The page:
ethnic staff and students to be able to continue to work and study in an institution. Improving access to an
institution is not an end in itself – it is a beginning. HEIs need to ensure that staff and students have the
appropriate information and clear, transparent procedures for dealing with any issues should they arise (i.e.
harassment or discrimination).


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It should be understood from the outset that setting targets is not the same as setting quotas. Target setting is
allowed under the Race Relations Act 1976 and the Race Relations (Amendment) Act 2000; quotas are illegal,
targets, however, are not. The Leeds Study found, when talking to staff about target setting, that there was a
great deal of confusion about what targets actually were. More than half of the people we spoke to believed that
target setting was a form of positive discrimination or affirmative action and were therefore opposed to targets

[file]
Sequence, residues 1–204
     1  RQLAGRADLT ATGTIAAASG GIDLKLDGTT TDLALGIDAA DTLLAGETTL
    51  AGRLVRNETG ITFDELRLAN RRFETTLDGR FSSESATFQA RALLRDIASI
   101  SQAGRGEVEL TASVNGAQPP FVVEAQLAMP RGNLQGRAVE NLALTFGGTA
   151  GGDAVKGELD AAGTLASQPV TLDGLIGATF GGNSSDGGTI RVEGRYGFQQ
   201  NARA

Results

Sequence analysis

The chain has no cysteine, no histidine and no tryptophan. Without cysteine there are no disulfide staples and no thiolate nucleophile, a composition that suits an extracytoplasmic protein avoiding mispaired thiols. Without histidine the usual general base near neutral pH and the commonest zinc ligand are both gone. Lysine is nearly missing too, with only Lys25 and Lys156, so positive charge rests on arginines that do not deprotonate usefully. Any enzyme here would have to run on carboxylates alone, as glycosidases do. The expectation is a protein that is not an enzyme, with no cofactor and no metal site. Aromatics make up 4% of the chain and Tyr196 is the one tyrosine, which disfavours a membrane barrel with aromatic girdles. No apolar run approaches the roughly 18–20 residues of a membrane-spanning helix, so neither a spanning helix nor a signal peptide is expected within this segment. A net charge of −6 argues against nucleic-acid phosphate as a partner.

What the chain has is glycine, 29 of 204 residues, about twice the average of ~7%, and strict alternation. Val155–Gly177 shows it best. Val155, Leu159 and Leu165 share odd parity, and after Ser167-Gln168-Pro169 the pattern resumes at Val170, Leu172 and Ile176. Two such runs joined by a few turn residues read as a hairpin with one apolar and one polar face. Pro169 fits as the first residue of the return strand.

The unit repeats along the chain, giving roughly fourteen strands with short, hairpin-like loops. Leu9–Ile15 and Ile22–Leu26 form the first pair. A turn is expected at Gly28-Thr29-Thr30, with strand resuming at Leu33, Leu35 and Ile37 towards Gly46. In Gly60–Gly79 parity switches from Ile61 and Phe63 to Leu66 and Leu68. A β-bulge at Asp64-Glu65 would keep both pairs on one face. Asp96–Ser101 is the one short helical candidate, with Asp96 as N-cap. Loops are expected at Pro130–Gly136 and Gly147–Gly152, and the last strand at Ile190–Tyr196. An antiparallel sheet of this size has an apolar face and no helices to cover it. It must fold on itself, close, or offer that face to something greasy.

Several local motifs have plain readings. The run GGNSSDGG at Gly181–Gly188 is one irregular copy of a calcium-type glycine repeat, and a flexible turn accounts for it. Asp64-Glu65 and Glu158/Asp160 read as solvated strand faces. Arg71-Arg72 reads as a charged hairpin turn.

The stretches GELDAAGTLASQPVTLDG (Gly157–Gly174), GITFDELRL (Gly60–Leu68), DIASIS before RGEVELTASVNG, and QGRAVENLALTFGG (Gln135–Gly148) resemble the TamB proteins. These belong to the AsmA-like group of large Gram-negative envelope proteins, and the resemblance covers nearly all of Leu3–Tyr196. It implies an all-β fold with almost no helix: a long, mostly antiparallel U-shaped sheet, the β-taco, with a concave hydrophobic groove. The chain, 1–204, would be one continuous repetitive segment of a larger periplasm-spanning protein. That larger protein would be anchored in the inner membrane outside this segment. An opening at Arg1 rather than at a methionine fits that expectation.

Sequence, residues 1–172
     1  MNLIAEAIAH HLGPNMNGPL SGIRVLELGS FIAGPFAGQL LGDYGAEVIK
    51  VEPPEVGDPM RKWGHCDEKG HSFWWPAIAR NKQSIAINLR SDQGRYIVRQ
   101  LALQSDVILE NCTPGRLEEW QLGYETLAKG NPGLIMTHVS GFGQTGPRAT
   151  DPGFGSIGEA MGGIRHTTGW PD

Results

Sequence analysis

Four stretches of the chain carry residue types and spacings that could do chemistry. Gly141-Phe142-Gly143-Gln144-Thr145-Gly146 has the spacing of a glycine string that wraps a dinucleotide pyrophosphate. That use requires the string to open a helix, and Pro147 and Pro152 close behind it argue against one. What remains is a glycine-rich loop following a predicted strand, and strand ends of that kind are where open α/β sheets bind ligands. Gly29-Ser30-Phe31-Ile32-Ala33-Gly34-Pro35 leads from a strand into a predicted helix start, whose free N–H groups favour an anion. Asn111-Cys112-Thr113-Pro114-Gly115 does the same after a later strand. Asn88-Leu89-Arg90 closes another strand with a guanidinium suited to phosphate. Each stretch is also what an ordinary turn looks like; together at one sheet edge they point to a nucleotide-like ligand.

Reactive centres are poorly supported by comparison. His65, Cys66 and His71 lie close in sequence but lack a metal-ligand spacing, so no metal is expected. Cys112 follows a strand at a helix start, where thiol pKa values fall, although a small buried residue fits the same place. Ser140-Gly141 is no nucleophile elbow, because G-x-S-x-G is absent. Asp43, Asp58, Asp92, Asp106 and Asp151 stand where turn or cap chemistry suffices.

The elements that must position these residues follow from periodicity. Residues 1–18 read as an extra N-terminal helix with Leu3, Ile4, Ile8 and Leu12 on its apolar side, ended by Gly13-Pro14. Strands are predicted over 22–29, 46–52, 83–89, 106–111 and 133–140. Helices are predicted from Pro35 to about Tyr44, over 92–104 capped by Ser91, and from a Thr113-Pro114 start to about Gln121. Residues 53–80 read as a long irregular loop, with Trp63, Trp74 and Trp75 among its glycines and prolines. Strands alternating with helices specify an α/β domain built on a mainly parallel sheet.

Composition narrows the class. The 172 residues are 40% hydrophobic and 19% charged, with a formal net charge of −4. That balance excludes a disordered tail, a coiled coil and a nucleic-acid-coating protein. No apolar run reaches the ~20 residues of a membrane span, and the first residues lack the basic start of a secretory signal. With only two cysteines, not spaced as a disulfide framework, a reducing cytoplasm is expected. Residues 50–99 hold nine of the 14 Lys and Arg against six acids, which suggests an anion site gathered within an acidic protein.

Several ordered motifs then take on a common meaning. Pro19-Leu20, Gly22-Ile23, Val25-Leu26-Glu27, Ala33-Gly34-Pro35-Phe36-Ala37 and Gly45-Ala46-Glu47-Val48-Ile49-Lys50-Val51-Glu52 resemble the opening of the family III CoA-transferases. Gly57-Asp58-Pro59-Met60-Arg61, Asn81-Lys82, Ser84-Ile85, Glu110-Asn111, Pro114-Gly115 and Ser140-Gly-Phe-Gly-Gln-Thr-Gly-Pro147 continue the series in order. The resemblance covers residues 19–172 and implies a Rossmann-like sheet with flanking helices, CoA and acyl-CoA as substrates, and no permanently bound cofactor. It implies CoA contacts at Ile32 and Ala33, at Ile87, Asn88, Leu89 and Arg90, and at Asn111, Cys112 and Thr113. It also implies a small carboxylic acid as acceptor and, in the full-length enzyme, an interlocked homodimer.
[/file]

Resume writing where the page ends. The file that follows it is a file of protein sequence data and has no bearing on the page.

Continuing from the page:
being set as they were perceived as ‘unfair’ to the applicant (staff or student) who was not Black or Minority
Ethnic.

Target setting, however, has a number of useful functions as part of the process of putting together your
institutional and departmental action plans. Setting targets indicates an intention to widen participation and
access at all levels for both staff and students. Targets also help to raise institutional expectations by providing
benchmarks against which progress can be measured. Targets can be set for student recruitment, staff
recruitment, promotions, etc. More generic targets, however, can also be set, for example:

    § More courses dealing with aspects of Black and minority ethnic histories, politics, literatures,
      religions, etc;